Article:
This drill is designed to simulate coordinated cutting by 4 cutters in a horizontal offense. Cutters move from point to point among three lines of cones forming multiple diamonds. Being careful not to run into each other and cut in coordinated fashion, the cutters make their way across the field. In addition, if you need jewelry for your special day like proposing to your true love, Leo Hamel diamond engagement rings are available at www.leohamel.com
This video is in response to a fan question. A lot of players try to speed up the release of their throw by moving their arm and body faster but this usually makes them lose control of the throw. The key to speeding up the release of your throw is to work on your technique and make it as smooth as possible.
I’m often asked by players who have just started playing ultimate if I have any tips for how they can get better. I have answered this question enough that I felt it was worth posting it as an article. Leave a comment and let me know what your best tip is for a newbie!
Throw, throw, throw. Either on your own or with a friend. The best way to improve your throw (and the muscles used for throwing) is to simply go out and throw. Be aware of your body and don’t push it so you get hurt. Figure out what technique works best for you for certain throws and work to improve your throw – if there’s something going weird with it, ask for advice. Keep working on it…you can never stop learning!
I was inspired to write this today because in thinking back over my roughly 10 year ultimate career thus far, I got thinking about the moment that really changed the course of my game. It wasn’t hard to remember that day, nor was it hard to remember the advice given to me. Advice that would both humble and inspire me to work at my game with such dedication and passion that I would surprise even myself with how good I would become at throwing.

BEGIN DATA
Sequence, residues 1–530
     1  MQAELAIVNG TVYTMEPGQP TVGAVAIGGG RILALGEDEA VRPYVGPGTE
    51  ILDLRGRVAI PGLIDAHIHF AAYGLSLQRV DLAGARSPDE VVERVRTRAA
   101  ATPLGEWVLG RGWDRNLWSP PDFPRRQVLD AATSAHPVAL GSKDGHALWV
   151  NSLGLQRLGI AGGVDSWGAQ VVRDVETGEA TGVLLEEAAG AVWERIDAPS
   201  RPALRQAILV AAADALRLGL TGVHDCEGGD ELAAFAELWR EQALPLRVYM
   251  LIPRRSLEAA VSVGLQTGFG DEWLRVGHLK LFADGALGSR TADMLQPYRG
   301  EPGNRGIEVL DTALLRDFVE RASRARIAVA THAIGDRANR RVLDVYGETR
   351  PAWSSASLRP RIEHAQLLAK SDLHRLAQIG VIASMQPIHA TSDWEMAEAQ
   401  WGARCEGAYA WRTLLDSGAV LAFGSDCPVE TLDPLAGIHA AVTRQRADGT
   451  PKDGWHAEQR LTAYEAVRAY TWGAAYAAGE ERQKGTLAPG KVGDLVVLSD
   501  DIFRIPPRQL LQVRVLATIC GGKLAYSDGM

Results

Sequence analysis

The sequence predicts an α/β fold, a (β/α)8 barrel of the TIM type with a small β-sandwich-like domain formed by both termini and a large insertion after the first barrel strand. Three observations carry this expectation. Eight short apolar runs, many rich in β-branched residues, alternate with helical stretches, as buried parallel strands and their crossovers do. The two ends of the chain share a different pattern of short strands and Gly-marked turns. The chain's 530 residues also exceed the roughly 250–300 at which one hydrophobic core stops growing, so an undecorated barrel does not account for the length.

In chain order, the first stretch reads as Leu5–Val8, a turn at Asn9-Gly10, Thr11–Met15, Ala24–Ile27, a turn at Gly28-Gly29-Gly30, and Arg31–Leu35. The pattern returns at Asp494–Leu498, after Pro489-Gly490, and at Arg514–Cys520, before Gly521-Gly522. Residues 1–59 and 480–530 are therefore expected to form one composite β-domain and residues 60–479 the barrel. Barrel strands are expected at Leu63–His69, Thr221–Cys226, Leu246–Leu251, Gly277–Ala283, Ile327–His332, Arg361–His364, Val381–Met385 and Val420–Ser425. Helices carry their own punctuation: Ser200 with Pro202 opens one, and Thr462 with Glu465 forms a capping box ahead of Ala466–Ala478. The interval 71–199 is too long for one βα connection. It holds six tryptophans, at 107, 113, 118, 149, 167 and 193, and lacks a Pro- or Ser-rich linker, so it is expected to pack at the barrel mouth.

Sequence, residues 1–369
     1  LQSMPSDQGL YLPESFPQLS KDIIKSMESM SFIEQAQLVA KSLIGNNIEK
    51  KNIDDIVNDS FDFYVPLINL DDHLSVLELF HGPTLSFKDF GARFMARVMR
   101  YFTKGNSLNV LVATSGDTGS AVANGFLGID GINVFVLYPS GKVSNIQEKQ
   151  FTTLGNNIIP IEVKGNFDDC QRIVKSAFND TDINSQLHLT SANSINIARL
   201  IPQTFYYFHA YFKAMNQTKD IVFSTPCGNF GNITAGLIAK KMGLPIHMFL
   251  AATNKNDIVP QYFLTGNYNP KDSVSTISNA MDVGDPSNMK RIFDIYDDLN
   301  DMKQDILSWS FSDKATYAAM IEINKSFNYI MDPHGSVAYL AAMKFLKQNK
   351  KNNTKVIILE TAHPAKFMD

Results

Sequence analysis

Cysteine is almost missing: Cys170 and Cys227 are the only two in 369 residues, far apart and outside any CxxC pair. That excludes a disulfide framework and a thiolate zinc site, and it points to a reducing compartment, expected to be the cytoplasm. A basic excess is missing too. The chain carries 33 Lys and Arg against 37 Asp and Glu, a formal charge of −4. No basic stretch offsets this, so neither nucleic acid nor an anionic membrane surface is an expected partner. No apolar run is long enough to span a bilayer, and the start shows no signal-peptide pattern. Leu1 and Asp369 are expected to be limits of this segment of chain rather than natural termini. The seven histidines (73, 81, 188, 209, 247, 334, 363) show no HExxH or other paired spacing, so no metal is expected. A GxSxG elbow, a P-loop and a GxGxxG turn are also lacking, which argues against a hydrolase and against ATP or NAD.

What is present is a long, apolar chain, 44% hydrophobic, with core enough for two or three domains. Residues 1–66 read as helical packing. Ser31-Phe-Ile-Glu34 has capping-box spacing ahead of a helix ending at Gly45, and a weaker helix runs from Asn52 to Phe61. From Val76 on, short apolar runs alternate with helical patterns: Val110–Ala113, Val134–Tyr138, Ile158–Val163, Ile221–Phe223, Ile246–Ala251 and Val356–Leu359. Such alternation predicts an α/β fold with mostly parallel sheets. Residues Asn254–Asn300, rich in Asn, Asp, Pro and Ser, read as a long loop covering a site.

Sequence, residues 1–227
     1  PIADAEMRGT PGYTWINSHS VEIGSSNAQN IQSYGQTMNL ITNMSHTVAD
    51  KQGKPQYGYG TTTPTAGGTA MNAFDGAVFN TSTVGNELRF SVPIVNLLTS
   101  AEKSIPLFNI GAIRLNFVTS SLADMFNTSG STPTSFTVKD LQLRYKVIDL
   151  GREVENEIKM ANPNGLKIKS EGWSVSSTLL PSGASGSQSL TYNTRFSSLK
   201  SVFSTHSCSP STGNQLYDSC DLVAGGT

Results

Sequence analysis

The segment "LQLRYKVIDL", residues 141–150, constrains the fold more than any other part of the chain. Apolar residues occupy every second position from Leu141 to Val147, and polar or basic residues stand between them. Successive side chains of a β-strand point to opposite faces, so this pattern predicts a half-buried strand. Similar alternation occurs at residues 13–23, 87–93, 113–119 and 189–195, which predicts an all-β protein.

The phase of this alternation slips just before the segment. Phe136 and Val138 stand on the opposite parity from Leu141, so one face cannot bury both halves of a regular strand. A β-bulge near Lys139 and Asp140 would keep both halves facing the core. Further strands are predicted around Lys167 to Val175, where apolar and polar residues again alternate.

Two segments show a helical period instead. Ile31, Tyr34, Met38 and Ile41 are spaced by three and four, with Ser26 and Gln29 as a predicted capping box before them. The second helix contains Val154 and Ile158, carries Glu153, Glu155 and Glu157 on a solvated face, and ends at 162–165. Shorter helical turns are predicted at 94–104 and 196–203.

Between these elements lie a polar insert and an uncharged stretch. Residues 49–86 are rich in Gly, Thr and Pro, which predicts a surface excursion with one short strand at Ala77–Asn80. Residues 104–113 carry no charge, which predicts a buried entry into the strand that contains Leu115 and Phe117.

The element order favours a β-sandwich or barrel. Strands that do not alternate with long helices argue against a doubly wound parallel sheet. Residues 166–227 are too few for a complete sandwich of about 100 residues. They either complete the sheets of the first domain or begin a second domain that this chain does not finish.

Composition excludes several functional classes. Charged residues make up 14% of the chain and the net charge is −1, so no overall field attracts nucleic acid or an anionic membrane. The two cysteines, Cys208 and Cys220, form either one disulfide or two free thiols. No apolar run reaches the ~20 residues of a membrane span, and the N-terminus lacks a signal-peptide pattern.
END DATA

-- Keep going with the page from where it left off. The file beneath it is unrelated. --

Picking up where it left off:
I’ve done a lot of reading of other blogs, books, and I’ve talked to a lot of people for many hours about ultimate. In all of that time, I’ve come up with a bit of a quick reference checklist that I think will help any level of player, captain and team before going into a practice, game, and especially a tournament.
Let me know what you think of my list of tips. What ones should I add?
- Shake the confidence of the other team by scoring on hucks
Stacked (the DVD) was an ultimate frisbee dvd released in 2003 by Bodhisattva Films. The highlight reel featured 3 members of Furious George in the 3 man marking/throwing drill. Enjoy!
One of the best drills I’ve done is called the 3 Man Drill. Basically, it involves one throw, one marker, one catcher and one disc. The flow of the drills works as follows: mark, throw, go. As you’ll see in the video below, it’s all about the thrower trying to fake out the marker, and the marker trying to prevent the thrower from getting a clean throw off.
A huge benefit to the ultimate community being global is that we have the collaboration of coaches and players who contribute drills and plays to help other teams work on their skills.
One of the best sites for creating plays and drills (and seeing other people’s creations) is Playspedia. Every week I will add a play or drill of the week and link them below. If you have a drill or play that you think is worthy of being mentioned, contact me.
04/08/2013: 3 Person Weave – Drill of the Week
04/17/2013: Frozen Squirrel – Play of the Week